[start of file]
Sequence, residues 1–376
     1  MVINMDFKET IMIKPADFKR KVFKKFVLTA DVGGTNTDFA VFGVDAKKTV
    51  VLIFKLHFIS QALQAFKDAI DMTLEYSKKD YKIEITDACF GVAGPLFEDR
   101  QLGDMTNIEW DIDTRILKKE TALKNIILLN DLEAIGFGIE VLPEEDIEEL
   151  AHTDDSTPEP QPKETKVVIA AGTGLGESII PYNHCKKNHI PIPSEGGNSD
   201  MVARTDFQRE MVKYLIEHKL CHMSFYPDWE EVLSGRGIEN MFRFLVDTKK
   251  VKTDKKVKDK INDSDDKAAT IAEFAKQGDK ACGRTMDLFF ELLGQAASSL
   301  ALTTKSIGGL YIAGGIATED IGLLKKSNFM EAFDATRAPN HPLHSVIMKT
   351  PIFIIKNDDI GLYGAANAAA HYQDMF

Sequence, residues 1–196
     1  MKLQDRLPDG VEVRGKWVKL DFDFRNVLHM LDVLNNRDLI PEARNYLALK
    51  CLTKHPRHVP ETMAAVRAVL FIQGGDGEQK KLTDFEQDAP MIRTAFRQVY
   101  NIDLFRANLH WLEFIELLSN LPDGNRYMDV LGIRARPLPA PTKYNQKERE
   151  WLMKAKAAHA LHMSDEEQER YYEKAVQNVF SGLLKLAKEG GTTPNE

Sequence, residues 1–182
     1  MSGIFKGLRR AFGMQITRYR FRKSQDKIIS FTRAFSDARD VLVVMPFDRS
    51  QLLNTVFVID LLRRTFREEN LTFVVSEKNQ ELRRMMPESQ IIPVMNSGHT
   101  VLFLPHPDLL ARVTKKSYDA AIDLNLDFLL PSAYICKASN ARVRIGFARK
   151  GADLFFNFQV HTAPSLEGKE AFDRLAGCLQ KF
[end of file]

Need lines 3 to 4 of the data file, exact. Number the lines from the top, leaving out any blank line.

    51  VLIFKLHFIS QALQAFKDAI DMTLEYSKKD YKIEITDACF GVAGPLFEDR
   101  QLGDMTNIEW DIDTRILKKE TALKNIILLN DLEAIGFGIE VLPEEDIEEL